The Fighting Sioux are still the Fighting Sioux at least for now.
In the latest twist in a years-long battle, University of North Dakota President Robert Kelley said Wednesday that the school will resume using the Fighting Sioux nickname and logo to comply with state law.
Supporters of keeping the nickname, which the NCAA?has deemed hostile and abusive, filed petitions Tuesday with roughly 17,000 signatures, more than enough to put the issue to a state-wide vote in June. The signatures still have to be validated, but it certainly appears supporters will have more than the required minimum of 13,452 names.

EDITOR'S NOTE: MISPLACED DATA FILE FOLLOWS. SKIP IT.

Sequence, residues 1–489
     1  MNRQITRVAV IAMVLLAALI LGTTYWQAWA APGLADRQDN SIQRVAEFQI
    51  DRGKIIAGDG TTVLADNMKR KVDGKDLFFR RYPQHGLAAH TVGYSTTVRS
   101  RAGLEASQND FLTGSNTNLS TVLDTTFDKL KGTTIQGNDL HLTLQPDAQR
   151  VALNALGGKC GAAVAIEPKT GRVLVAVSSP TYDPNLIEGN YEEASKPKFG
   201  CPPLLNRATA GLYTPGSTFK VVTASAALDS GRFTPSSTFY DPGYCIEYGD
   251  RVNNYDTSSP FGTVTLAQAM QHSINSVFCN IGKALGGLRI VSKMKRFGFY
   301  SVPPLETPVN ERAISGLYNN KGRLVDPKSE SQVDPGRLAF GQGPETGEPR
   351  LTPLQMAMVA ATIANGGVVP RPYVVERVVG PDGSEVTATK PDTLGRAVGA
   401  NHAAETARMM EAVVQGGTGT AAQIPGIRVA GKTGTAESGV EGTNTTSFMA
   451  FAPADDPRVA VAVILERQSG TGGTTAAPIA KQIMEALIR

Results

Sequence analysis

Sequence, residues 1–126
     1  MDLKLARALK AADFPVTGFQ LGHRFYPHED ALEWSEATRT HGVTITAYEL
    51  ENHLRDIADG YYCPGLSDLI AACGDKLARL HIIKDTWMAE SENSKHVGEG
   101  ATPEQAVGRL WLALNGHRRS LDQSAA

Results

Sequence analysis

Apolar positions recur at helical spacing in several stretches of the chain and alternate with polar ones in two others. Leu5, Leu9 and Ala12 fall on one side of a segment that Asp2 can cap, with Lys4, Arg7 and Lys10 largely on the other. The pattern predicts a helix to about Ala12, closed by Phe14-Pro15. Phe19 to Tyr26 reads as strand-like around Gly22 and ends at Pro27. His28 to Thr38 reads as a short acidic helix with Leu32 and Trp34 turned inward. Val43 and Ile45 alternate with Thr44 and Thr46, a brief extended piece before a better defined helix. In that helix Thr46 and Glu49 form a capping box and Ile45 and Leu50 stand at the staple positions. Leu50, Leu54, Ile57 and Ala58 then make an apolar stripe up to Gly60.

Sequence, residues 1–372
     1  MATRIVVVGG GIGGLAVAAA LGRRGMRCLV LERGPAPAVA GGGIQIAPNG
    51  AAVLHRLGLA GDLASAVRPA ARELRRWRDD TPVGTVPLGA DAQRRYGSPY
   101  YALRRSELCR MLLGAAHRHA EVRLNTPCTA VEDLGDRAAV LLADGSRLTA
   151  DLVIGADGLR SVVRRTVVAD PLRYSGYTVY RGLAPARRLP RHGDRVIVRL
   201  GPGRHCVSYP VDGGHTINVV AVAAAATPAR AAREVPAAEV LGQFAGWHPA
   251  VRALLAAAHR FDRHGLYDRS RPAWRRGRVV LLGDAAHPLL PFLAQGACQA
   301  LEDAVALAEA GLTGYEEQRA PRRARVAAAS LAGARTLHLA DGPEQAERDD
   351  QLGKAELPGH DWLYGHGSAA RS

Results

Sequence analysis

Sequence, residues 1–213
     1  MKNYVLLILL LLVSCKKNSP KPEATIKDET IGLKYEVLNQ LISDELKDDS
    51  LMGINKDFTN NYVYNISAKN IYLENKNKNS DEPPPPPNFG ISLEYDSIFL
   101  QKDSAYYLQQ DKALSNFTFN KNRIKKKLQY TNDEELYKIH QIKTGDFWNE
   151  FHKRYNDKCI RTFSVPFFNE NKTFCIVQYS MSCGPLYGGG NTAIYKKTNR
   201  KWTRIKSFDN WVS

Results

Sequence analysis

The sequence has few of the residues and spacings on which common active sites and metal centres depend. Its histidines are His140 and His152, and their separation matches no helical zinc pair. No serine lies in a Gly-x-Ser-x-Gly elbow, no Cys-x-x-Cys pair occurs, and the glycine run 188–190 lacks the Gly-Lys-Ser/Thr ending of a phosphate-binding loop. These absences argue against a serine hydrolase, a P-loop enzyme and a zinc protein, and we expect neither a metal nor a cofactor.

The petition drive began after the North Dakota Legislature repealed a law in November requiring UND?to keep the nickname and logo. Because the petition contained enough signatures, the law requiring the nickname's usage remains in place. Kelley said Wednesday that UND will revert to using the name, which the university had already begun phasing out on athletic team uniforms, websites and other uses, to comply with the law.
Members of the State Board of Higher Education have said they will meet with North Dakota Attorney General Wayne Stenehjem to discuss the possibility of going to court to block the law's reinstatement.
It puts UND?right back to where the university was before the law was repealed which is in limbo. It's an uncomfortable place for UND to be, because the university had begun moving forward with retiring the nickname. Where the issue goes from here is anybody's guess. But it's clear the emotional issue isn't going away anytime soon, and that's unfortunate.